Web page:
Times have been hard. For three years draconian isolation measures have been imposed in China and, to a lesser extent, in its commercial forward base, Hong Kong, while the effervescent city has also been the site of marked political opposition, subject to strict crackdowns.
As the art market in Europe and the United States has been getting back on track, this country, considered to be the most promising on a global scale, was also in quarantine up until autumn 2022. With all of these traumas still in recent memory, the Art Basel Hong Kong fair (ABHK) was inaugurated on 22 March, with 177 exhibitors as opposed to 249 in 2019, before the public health crisis (see the report on ABHK in 2019 here).
The show, a great success
There were many questions surrounding the content and dynamism of the leading fair in this part of the world. Against all the odds, the show is a great success, and accompanies a maturing of the contemporary art scene in Hong Kong.
In fact, a very ambitious museum opened in November 2021 on the island of Kowloon, dedicated to international contemporary art, Ink painting, moving images and design. The building, designed by Swiss Pritzer Prize laureates Herzog & de Meuron, houses among other things the largest collection of Chinese contemporary art in the world (over 1500 artworks from the 1970s to 2012).
It was donated by former Swiss diplomat Uli Sigg, who was present at ABHK and described the institution as a “spectacular machine” (see another interview with Uli Sigg here). For an art market to be well structured, it must be fuelled by solid foundations of knowledge.
This is what the institution offers with regards to Chinese contemporary art, as Suhanya Raffel, director of the institution, explains, mentioning the “definitive collection of a great period of the avant-garde” from this country.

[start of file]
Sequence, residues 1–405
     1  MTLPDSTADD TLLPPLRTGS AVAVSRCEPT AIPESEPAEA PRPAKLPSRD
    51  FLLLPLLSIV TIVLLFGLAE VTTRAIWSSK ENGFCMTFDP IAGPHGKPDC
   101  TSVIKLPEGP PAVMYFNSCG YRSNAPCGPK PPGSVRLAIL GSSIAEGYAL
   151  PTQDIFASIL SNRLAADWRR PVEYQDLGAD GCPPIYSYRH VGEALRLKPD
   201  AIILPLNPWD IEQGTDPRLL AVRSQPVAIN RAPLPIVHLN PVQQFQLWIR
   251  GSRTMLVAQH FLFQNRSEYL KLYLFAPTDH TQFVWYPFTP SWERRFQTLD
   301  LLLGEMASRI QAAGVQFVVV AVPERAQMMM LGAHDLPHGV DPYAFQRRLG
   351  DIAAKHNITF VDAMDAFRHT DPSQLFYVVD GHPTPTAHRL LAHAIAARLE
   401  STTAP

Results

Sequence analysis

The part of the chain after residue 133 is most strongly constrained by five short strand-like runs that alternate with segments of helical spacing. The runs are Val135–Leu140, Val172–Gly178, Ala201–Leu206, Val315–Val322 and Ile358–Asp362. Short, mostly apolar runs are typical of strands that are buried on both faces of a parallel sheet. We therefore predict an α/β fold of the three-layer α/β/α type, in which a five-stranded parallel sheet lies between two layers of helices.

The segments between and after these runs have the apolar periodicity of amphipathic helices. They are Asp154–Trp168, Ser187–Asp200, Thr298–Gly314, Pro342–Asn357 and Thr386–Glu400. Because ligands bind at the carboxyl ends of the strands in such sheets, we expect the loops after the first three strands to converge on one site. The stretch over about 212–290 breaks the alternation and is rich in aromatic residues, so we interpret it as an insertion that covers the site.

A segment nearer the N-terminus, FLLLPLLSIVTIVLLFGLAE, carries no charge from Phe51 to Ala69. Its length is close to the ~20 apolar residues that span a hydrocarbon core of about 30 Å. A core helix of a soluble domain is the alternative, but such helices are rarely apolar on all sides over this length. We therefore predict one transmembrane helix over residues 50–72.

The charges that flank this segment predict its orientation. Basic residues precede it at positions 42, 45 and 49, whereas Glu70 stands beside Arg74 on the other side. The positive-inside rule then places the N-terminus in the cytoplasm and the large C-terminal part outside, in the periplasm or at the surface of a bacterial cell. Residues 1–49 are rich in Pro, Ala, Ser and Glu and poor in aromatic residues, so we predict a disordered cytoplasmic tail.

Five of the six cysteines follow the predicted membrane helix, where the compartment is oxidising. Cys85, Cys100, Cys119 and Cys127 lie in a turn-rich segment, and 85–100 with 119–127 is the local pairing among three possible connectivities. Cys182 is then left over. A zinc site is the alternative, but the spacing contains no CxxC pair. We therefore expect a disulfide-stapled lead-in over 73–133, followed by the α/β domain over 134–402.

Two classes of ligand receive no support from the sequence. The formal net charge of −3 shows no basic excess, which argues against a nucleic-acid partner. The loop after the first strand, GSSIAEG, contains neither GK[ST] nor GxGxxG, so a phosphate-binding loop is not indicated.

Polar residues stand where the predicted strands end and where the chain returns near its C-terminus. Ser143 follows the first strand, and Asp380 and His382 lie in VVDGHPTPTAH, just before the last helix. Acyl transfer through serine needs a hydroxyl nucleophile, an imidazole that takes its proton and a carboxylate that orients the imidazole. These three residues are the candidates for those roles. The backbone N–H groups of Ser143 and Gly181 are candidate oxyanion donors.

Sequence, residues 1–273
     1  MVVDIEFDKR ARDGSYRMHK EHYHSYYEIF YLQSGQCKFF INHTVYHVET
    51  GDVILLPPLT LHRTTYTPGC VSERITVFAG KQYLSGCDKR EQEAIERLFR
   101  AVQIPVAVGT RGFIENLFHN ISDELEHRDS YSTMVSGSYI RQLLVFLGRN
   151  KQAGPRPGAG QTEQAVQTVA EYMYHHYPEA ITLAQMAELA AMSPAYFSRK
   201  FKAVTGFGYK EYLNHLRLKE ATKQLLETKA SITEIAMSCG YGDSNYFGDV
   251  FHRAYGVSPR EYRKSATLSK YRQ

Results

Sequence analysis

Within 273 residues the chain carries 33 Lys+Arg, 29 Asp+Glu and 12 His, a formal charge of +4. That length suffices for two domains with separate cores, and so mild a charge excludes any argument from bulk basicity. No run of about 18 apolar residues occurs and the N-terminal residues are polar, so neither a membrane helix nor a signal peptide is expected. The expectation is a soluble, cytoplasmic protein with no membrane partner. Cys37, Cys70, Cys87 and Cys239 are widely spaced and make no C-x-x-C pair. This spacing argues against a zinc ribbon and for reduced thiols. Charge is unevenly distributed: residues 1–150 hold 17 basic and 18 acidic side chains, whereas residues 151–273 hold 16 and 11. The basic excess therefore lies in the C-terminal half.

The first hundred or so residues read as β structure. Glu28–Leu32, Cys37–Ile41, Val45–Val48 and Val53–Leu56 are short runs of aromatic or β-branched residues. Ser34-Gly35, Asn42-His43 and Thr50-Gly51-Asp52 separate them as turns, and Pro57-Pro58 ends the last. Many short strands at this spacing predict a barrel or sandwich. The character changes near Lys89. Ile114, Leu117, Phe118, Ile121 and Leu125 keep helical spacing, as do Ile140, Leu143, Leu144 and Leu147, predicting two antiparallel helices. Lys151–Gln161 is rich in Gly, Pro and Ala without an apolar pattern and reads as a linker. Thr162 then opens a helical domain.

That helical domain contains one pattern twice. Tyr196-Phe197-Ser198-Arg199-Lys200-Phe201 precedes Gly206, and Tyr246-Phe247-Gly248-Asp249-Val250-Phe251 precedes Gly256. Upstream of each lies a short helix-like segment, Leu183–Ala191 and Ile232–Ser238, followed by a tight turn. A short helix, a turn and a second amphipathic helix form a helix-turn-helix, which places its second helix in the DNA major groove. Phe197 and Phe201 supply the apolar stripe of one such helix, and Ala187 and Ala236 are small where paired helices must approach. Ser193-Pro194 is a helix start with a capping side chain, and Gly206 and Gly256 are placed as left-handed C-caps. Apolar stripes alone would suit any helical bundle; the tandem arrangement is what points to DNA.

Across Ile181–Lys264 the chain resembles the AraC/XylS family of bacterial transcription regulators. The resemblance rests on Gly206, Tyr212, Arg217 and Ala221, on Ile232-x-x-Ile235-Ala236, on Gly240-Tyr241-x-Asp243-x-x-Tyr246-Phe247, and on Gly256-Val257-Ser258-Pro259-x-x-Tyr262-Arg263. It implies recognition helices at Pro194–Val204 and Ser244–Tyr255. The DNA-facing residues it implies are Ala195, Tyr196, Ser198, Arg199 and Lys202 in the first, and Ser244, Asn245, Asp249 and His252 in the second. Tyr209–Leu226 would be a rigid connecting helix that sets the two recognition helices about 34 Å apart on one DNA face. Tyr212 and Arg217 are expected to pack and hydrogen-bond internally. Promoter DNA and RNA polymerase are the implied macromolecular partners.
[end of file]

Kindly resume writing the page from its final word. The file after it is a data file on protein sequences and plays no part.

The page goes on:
After the political upheavals that have taken place in Hong Kong, one of the key issues has been that of political censorship. Right in the city centre, one of the new cultural sites is the Tai Kwun complex, a giant former police station together with its prison. This is where Patrick Sun, a Taiwanese-Hongkonger collector, is displaying his captivating collection.
Under the title “Myth makers”, it addresses homosexuality and questions of gender through a selection of primarily Asian artists. A number of works that are explicit about same-sex relationships are accompanied by a clearly marked permit from the local censorship board.
“The Hong Kong that we know is coming back,” observes Noah Horowitz, CEO of Art Basel (see the interview with Noah Horowitz at Art Basel Miami Beach here), “I have great faith in its future. It is the gateway to the Asian market. We haven’t been subject to any censorship.”
Massimo de Carlo
The Italian gallerist Massimo de Carlo recently moved his Hong Kong gallery branch to Tai Kwun (see another interview with Massimo de Carlo here). During the fair he inaugurated an exhibition by the American artist Aaron Garber-Maikovska (born in 1978) whose colourful abstract paintings are the product of performances. They are sale between 80,000 and 100,000 dollars. His works are present in numerous American museums. Asia represents 25% of the gallerist’s business.
On the international contemporary art stage, the American gallery David Zwirner currently shows no signs of stopping collecting very high-profile artists (see an interview with David Zwirner here). In New York they are presenting one of their newcomers, the 91-year-old German painter Gerhard Richter (record at auction: 46.3 million dollars) (see reports on Gerhard Richter exhibitions here and here) and in Hong Kong they are also exhibiting for the first time the excellent Thai conceptual artist, Rirkrit Tiravanija (born in 1961) (see an interview with Rirkrit Tiravanija at the Luma Foundation here).
The entire installation, which spans two floors, can be interpreted as a roundabout reference to the so-called Umbrella Revolution in Hong Kong, when protestors would use them to protect themselves from tear gas sprayed by the armed forces. We enter the space through the reconstruction of an umbrella repair shop.
Geography of the galleries
During Covid, the geography of the art galleries in Hong Kong was turned upside down. Although as Art Basel’s head of Asia, Adeline Oii, points out “no gallery closed down during this difficult period,” a number of them migrated to the commercial Central district towards the south of the city, in industrial areas (see the interview with Adeline Oii from 2019 here).